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Our History: Storm a prominent Bayside entrepreneur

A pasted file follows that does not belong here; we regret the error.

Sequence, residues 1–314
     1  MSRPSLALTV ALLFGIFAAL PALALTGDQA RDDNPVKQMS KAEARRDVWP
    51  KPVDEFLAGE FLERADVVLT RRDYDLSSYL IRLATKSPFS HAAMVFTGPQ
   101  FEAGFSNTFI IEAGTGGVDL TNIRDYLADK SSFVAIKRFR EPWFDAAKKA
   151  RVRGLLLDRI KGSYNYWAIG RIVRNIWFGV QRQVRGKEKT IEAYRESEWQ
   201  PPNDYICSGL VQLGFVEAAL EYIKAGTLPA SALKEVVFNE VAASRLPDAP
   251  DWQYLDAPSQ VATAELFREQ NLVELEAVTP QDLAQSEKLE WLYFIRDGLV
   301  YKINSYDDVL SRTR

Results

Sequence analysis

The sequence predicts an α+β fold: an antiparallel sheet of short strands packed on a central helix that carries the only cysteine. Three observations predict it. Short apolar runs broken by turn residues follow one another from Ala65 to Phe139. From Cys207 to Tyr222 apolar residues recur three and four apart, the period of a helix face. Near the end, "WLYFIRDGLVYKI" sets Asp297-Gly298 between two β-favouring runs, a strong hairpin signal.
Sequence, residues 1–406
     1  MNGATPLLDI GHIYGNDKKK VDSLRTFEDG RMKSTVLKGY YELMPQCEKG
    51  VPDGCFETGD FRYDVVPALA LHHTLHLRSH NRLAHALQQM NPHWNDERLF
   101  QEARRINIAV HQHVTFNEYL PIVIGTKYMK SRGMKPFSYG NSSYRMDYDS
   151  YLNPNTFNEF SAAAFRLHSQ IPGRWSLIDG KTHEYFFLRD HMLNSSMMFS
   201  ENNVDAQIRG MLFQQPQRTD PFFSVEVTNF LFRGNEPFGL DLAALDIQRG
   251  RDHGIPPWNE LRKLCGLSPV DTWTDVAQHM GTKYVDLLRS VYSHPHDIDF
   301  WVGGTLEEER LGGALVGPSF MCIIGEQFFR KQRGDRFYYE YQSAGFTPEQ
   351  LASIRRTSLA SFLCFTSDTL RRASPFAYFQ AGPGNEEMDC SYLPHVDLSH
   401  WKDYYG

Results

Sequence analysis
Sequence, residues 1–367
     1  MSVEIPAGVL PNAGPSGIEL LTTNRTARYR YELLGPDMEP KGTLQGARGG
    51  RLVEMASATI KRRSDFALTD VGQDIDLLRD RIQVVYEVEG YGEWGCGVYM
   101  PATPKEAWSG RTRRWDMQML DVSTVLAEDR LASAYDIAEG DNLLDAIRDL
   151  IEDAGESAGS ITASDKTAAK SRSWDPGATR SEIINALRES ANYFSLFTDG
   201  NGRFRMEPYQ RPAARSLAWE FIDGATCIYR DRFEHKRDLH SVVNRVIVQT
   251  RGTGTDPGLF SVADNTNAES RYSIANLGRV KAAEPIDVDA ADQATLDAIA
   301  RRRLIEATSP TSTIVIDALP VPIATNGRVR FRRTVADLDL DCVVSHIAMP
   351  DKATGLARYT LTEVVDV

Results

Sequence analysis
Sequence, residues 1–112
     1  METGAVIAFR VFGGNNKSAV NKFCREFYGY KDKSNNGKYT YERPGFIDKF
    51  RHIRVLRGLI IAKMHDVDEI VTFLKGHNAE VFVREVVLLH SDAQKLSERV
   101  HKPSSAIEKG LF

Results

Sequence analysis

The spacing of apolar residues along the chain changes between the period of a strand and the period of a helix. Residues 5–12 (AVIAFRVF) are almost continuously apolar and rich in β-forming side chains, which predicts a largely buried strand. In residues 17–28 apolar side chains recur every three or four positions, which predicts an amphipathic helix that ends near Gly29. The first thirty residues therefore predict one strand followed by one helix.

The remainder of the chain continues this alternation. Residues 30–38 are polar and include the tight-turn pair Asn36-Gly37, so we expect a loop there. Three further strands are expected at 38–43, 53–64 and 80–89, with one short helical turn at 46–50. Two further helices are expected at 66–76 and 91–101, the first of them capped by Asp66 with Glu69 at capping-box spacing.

My interest increased when I saw the names "Straiton and Storm" on the side of the box, for I knew those names played a part in Bayside's history in the mid-19th and early 20th centuries. The largest cigar company at the time began right here in Bayside on the corner of Bell Boulevard and 43rd Avenue. Frederick Storm, its founder, was a Bayside resident who left his mark upon this community as businessman, banker, builder and developer, nurseryman and eventually as congressman.Storm was known for so many enterprises, it is hard to know where to begin. Born in Alsace Lorraine on July 2, 1844, he was brought to America in 1845. When he was only 21, he started the Straiton and Storm Tobacco Company in 1865, the year the Civil War ended. It was to become the largest cigar factory in America by the 1870s. However, it also produced cigars under the name "Owl Commercial Company," as my old box indicated. Needless to say, I emptied out its flotsam and jetsam contents and gave it the place it deserves. As a collectible it is a scarce and fairly valuable find. One of the early Straiton and Storm wooden boxes designed for the Christmas season is described and pictured in the collection of the National Cigar Museum.Storm also owned Hillbright Greenhouses selling seeds, which he ordered from the J.M. Thornburn Co., established in 1802 and considered the leading seed house in America at the time. The Bayside Historical Society has a copy of the ad, which shows that Storm's business also specialized in kitchen gardens and flowerbeds and sold seed to Long Island's farmers.Later, Frederick Storm became a builder and developer and bought a large tract of land beginning at Bell Boulevard and developing south of the LIRR tracks and east of Bell Boulevard. Among his other contributions to the area's growth was starting the first private bank in Bayside. It was to become the first "National" bank in Queens County.Frederick Storm donated the land on which the now unfortunately absent Women's Club once stood. He did this in honor of his wife, the former Annie Lawrence Bell, who was an active member of that organization.As noteworthy as his business career was his role in politics. In 1894 he served as a member of the New York State Constitutional Convention and in 1896 he became a New York state assemblyman. By 1900 he had become a U.S. congressman.The Storm family residence at 221st Street and 43rd Avenue was named "Hillbright" and was owned by the family for 85 years. Frederick Storm died in the 1930s and is buried in Flushing Cemetery.Joan Brown Wettingfeld is a historian and free-lance writer.

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